[Event "79th Tata Steel GpA"] [Site "Wijk aan Zee NED"] [Date "2017.01.16"] [Round "3"] [White "Wei Yi"] [Black "Nepomniachtchi, I."] [Result "1-0"] [ECO "B96"] [WhiteElo "2706"] [BlackElo "2767"] [Annotator "Tiger Hillarp-Persson"] [PlyCount "149"] [EventDate "2017.??.??"] 1. e4 c5 {Already at this stage I felt inclined to comment on this game. It's nice to see that there are some who still seek asymmetry.} 2. Nf3 d6 3. d4 cxd4 4. Nxd4 Nf6 5. Nc3 a6 6. Bg5 {Finally someone who is prepared to play a principled move.} ({Karjakin came up with} 6. a3 {in the first round against Giri. I guess this move is inspired by a kind of psychic prophylaxis: "I'll stop you from playing b5-b4 because the cards say that you will play b7-b5." Then Carlsen followed suit in round 2, and won. "Principled" is so yesterday.}) 6... e6 7. f4 h6 {This line has ascended from obscurity into the limelight in only a few years. Compared to the normal poisoned pawn lines (without h6 and Bh4) I can only find one small difference (but possibly I've missed something). } (7... Qb6 8. Qd2 (8. Qd3 $5) (8. a3 Nc6 {is much better for Black now that there is no Bf2.}) 8... Qxb2 9. Rb1 Qa3 10. e5 (10. f5 {is one option that is unique to this move order.}) 10... h6 {leads to the same position described after 9.Qd2. I'm still not much wiser as to why Black prefers h6 to the direct Qb6.}) 8. Bh4 Qb6 {This move is played in many Sicilian scenarios, with the idea of luring White to place Nd4 on a more passive square. White is not in the habit of cooperating.} 9. a3 {This is the latest fashion.} (9. Qd2 Qxb2 10. Rb1 Qa3 11. e5 dxe5 12. fxe5 {is the main line, with thousands of games. In Parimarjan Negi's (exceptional) book "1.e4 vs The Sicilians 1", there is a chapter dealing with this line called simply "20...Rd8". You get the picture. Perhaps this line has fallen out of grace just because it is impossible to keep track of all the ins and outs.} {If you go down the rabbit hole, you will be likely to meet something like} Nfd7 13. Ne4 Qxa2 14. Rd1 Qd5 15. Qe3 Qxe5 16. Be2 Bc5 17. Bg3 Qd5 18. c4 Bxd4 19. Rxd4 Qa5+ 20. Rd2 O-O 21. Bd6 f5 22. Bxf8 Nxf8 23. Nd6 Nbd7 {where Black is currently doing all right. Wei Yi has tried this twice with White, with no success.}) ({After} 9. Qd3 Qxb2 10. Rb1 Qa3 {I get the feeling that h6/Bh4 favours Black somewhat.}) ({Without h6/Bh4, White could consider} 9. Nb3 {, although it would be a terribly passive move. Here it is just bad because of} Qe3+ {winning a pawn.}) 9... Nbd7 {This is a first step off the most trodden paths, and a step that I like.} ({The normal} 9... Be7 {almost forces White to play} 10. Bf2 {, when} Qc7 11. Qf3 Nbd7 12. O-O-O b5 13. g4 {featured in three absolute top games in 2016. The last game saw:} Bb7 14. Bg2 Rc8 15. Kb1 g5 16. Qh3 Nc5 17. Rhe1 h5 18. Nf5 $1 Ncxe4 19. Bxe4 Nxe4 20. Bd4 {with a huge attack for White, in Nakamura,H (2775)-Vachier Lagrave,M (2800) 8th London Classic 2016. It has been clear since then that Black needed to find an improvement.}) (9... Nc6 10. Bf2 {with splendid chances for White, is the main difference to the usual poisoned pawn lines (7.. .Qb6).}) (9... Qxb2 10. Na4 {and as we all know; the knight on the rim is dim.} ) 10. Be2 {This move doesn't quite fit with the usual narrative of "queen goes to f3, long castle, g4, bam!", but it isn't obviously wrong. I'm very curious as to how far Wei Yi's preparation stretched. When I read his comments, I get the feeling that he has an exceptional "sense" of what goes on in the Najdorf and that his preparations are more conceptual than they are detailed.} ({After } 10. Bf2 Qc7 11. Qf3 {, hoping for 11...Be7, Black can instead play} b5 { , which seems a bit more active.}) (10. Bc4 e5 $5) 10... e5 {As far as I can tell, this is a novelty.} ({However, now that the queen's route to f3 is obstructed, it is again possible to play} 10... Be7 11. Bf2 Qc7 {From Black's perspective this line seems preferable to the game.} {White should continue with} 12. Bf3 {and then either} g6 ({or} 12... Nb6 {, intending e6-e5, seems possible.})) 11. Nf5 $1 {White's minor pieces start swarming and the knight is on the road towards d5. Still, Black cannot tolerate the knight on f5 and has to kick it towards its goal.} g6 12. Bf2 $5 {This means either a) that Wei Yi has prepared the position deeply and seen that the 12.Ne3 is less clear than the engines indicate, or b) that he didn't prepare the position and played Bf2 on instinct. Considering how the game continues and the fact that he spent quite a lot of time on this move, it seems more likely that b) was the case.} ( {The engine likes} 12. Ne3 {better, intending} Qxe3 13. Bf2 {At first sight it seems that} Ng4 (13... Qxf4 14. g3 Qxe4 15. Nxe4 Nxe4 16. Bf3 Nxf2 17. Kxf2 h5 {is another possibility, but the bishop on f3 looks strong here.}) 14. Bxe3 Nxe3 15. Qd2 Nxg2+ 16. Kd1 Nxf4 {is fine for Black, but when you evaluate this kind of line you must first of all look for forced lines. Indeed, in this case there is such a one:} 17. Rf1 $1 {Intending Rxf4. If Black is allowed to solidify his position then the sacrifice will be less effective.} Be7 (17... g5 18. Nd5) 18. Rxf4 exf4 19. Nd5 Bd8 20. Qxf4 Ne5 21. c4 {and Black is definitely under pressure. I wonder if Wei Yi considered this line and chose not to enter it?}) 12... Nc5 {After this move we seem to be on a one way road, so if Black is to find an improvement (apart from 10...Be7), then this is the place to look for it.} (12... Qc7 $6 13. Ne3 exf4 14. Ned5 $36) (12... Qc6 $5 13. fxe5 dxe5 14. Ne3 Bc5 15. O-O) 13. b4 $1 {Being ahead in development, it's the initiative, not the pawns, that count.} gxf5 14. O-O $5 ({There was nothing wrong with} 14. bxc5 {and it is far from clear that Wei Yi's move is the better one. It keeps things simple and allows for Black to be a bit surprised.}) 14... Nfxe4 (14... Qc7 {leads to the same position as after 16... Qc7.}) 15. Nxe4 fxe4 16. bxc5 dxc5 (16... Qc7 $1 17. Qd5 (17. Rb1 $5 Be6 18. Bg4) 17... Qc6 18. Bc4 Be6 19. Qxc6+ bxc6 20. Bxe6 fxe6 21. cxd6 exf4 22. Bd4 Rg8 23. Rxf4 Bxd6 24. Rxe4 {leads to a slightly better endgame for White, but there are other promising alternatives on move 17.}) 17. fxe5 $6 ({Here} 17. Qd5 {was the strongest move. After something like} Bg7 18. Rad1 Be6 19. Qxe4 exf4 20. Qa4+ Qc6 21. Qxc6+ bxc6 22. Bxc5 {White has good winning chances.}) ( 17. Bh4 Rg8 {is less clear.}) 17... Be6 18. Rb1 Qc6 19. Bg4 {The bishop on e6 is the linchpin of Black's position, so White must challenge it.} b5 ({Black can also consider} 19... Rd8 20. Qe2 Be7 21. Bxe6 fxe6 22. a4 h5 $132) 20. Bh4 $1 {The most active place for the bishop that also opens the route for the rook to f6.} Rg8 $6 ({Black should keep the rook out of f6:} 20... Bg7 $1 21. Bf6 Bxf6 22. Rxf6 Rd8 {is unclear. The queenside structure gives Black some reasons to be optimistic.}) 21. Bxe6 Qxe6 22. Rf6 $1 Qg4 $1 (22... Qxe5 23. Rxa6 $1 Rc8 24. Rc6 $1 Ra8 25. Qe2 c4 26. a4 Rg6 27. Bf6 Rxf6 28. Rxf6 Rxa4 ( 28... Qxf6 29. Qxe4+) 29. Rbf1 {is close to winning for White.}) 23. Qd2 Be7 24. Rf4 Qd7 ({Black seeks salvation in exchanges, falls into a trap. Better was } 24... Qe6 25. Bxe7 Qxe7 26. Rxe4 Rg6 {, when White is better, but no more.}) 25. Qxd7+ Kxd7 26. e6+ $1 {There's the trap.} ({After} 26. Rxf7 Rae8 {Black is doing very well. For instance:} 27. c4 e3 28. cxb5 axb5 29. Rxe7+ (29. Rxb5 $2 Kc6 $19) 29... Rxe7 30. Bxe7 Kxe7 31. Rxb5 e2 32. Kf2 (32. Rb1 Ke6) 32... Rxg2+ 33. Ke1 Rxh2 {with equality. With a c-pawn and such a centralized king, Black is happy to enter almost any rook endgame.}) 26... fxe6 (26... Kxe6 $2 27. Rxe4+) 27. Rf7 Rg5 ({A neccessity since} 27... Rae8 28. Rd1+ {loses a piece.}) 28. Rd1+ Ke8 29. Rh7 b4 ({Black gets some more chances with} 29... c4 {aiming to pick up the a-pawn for nothing. Still, after} 30. Bxg5 hxg5 31. Kf2 Bxa3 32. Ke3 a5 33. Kxe4 a4 34. c3 {Black is struggling to survive but White's advantage is not a comfortable one. Black's pawns look menacing and a small mistake might cost the game.}) 30. a4 c4 31. Bxg5 hxg5 32. Rh8+ Bf8 33. Rf1 Ke7 34. Rh7+ Kd6 35. Rh8 Ke7 36. Rh7+ {White's next few moves are anything but random. The point is that he gets a rook to the c-file, which makes it easier to handle Black queenside pawns.} Kd6 37. Rhf7 Bh6 38. Rd1+ Ke5 39. Rc7 c3 { Black hopes to be able to make b4-b3 work at some point. The downside is that Black's queenside pawns are robbed of most of their dynamism.} ({Perhaps Nepomniachtchi didn't have enough time to calculate the consequences of} 39... b3 $5 40. Rc5+ Kf4 {After} 41. Rxc4 b2 42. Re1 Ke5 43. Rexe4+ Kd6 44. Rcd4+ Ke7 45. Rb4 Bg7) 40. Kf2 g4 (40... Rb8 $5 41. Rc5+ Kf6 42. Ke3 (42. Rb1 $2 Rd8) 42... g4+ 43. Kxe4 b3 44. cxb3 Rxb3 45. g3 {and the engine assures me that White is winning. Still not a problem free situation.}) 41. Rc5+ Kf6 42. Ke2 Rb8 43. Rb1 $6 (43. Rd4 {was better, although I can symphatize with Wei Yi's handling of the situation. He doesn't risk anything by taking it easy.}) 43... Rd8 44. Rf1+ Ke7 45. Rc7+ Kd6 46. Rc4 Ke7 $6 (46... Ke5 $1 47. Rd1 Rb8 48. Rc5+ Kf6 {would again lead to the position where White needs to play} 49. Rd4 $1) 47. Rd1 Rb8 48. Rdd4 b3 49. cxb3 Rxb3 50. Rc7+ Kf6 51. Rxe4 Rb2+ 52. Kd3 { White's dream comes true. All of Black's active pawns gets liquidated within the next few moves. In the resulting endgame, the e-pawn is of little consequence, whereas the a4-pawn becomes a hero.} Rd2+ 53. Kxc3 Kf5 54. Re1 Rxg2 55. Rc5+ Kf6 56. Re4 Rxh2 57. Rxg4 a5 {Black is able to save the a-pawn by tactical means, but now he is left with two weaknesses: the a-pawn and the e-pawn.} 58. Kd3 Rd2+ (58... Rh3+ 59. Kc4 Bd2 60. Re4 (60. Kb5 e5) 60... Rc3+ 61. Kb5 Rxc5+ 62. Kxc5 Bb4+ 63. Kc6 Kf5 64. Re2 Bc3 65. Kd6 Bb4+ 66. Kd7 e5 67. Kc6 Ke6 68. Re4 Bd2 69. Kc5 Bb4+ 70. Kc4 Be7 71. Re3 Bb4 72. Rh3 {and the e-pawn will fall.}) 59. Ke4 Re2+ 60. Kf3 Re3+ 61. Kf2 Re5 $2 {This makes matters simple for White.} 62. Rg6+ Kxg6 63. Rxe5 Bd2 64. Rxe6+ Kf7 65. Re4 Kf6 66. Ke2 Bc3 67. Rc4 Be5 (67... Bb4 68. Rxb4 axb4 69. a5) 68. Rc5 Ke6 69. Rxa5 Bc7 70. Rb5 Kd6 71. Kd3 Kc6 72. Kc4 Bb6 73. a5 Ba7 74. a6 Bb6 75. Rb3 1-0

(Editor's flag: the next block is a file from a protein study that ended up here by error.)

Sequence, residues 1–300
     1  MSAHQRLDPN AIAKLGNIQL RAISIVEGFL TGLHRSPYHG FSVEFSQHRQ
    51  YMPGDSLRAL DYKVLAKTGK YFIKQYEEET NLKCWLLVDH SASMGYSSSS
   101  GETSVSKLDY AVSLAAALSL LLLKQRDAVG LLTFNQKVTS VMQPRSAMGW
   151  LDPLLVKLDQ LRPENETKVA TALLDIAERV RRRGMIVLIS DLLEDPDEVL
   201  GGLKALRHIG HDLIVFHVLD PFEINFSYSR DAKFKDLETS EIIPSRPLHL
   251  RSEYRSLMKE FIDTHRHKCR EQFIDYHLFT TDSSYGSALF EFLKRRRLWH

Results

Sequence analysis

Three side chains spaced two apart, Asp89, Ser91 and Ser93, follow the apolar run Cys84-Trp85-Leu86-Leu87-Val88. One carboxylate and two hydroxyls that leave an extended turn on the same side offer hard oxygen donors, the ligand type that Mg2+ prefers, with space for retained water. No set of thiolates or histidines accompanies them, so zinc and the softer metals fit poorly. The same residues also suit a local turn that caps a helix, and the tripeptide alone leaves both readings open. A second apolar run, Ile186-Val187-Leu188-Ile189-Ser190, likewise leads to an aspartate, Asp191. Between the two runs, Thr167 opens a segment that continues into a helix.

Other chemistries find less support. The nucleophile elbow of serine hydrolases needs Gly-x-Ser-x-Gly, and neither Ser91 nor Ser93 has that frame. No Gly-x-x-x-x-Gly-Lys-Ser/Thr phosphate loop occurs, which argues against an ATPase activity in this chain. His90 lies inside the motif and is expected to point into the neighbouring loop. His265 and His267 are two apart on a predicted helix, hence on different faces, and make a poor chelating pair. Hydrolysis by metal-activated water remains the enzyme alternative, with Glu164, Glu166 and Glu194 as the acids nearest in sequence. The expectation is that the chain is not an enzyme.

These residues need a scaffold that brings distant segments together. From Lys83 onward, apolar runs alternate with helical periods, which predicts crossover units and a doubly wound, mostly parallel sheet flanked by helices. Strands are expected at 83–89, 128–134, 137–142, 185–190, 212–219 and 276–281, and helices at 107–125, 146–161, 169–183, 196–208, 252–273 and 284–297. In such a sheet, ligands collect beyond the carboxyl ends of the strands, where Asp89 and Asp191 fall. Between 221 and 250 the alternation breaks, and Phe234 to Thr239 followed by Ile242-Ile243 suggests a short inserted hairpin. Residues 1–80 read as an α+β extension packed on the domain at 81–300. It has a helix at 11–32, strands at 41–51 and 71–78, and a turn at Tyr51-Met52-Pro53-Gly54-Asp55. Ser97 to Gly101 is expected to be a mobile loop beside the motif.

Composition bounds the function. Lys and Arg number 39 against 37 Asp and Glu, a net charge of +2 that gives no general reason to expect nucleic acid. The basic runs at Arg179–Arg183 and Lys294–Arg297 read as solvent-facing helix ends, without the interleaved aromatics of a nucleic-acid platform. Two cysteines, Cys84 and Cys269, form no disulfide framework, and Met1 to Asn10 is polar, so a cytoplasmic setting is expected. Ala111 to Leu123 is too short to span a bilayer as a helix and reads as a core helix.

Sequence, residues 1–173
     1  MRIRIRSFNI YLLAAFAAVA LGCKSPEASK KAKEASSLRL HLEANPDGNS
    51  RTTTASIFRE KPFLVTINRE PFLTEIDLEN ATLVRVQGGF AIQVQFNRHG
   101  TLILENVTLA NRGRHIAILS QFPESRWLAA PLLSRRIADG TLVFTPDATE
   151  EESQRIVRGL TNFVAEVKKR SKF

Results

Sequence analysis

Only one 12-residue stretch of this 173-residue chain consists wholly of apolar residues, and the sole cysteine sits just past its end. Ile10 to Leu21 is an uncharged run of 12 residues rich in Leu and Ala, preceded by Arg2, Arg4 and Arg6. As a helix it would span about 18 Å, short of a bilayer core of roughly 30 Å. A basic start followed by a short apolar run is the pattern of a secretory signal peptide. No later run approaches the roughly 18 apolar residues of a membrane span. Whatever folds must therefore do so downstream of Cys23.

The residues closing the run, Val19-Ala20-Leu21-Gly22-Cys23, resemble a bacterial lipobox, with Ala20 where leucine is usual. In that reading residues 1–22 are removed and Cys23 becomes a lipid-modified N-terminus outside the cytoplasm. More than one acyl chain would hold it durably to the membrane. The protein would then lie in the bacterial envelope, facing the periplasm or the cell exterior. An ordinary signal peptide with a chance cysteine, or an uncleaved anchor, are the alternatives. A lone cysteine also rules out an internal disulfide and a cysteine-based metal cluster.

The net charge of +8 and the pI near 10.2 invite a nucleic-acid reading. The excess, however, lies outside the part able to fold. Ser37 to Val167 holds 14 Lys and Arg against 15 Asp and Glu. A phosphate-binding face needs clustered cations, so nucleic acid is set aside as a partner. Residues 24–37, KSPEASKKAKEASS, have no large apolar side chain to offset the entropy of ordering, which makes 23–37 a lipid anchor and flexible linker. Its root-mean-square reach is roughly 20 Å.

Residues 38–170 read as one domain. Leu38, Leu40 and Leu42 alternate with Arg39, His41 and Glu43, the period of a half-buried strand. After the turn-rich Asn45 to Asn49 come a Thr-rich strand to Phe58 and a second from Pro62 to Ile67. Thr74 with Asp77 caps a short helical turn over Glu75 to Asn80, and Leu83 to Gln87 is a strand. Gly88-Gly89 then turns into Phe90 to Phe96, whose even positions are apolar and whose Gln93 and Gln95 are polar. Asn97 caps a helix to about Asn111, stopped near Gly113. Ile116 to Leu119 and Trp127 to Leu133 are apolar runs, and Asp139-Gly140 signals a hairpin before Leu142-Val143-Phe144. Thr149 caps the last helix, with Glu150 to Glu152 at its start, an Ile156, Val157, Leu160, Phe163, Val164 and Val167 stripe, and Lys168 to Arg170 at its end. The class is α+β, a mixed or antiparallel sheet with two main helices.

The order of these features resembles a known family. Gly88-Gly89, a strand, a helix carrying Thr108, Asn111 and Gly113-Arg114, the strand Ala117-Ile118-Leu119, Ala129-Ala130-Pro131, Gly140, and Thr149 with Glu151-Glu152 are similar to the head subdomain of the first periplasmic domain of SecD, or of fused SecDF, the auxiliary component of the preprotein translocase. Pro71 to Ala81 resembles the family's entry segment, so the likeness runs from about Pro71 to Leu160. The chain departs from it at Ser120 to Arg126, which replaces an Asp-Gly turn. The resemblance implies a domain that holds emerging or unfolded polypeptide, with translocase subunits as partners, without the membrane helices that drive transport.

Wojtaszek y Giri concentrados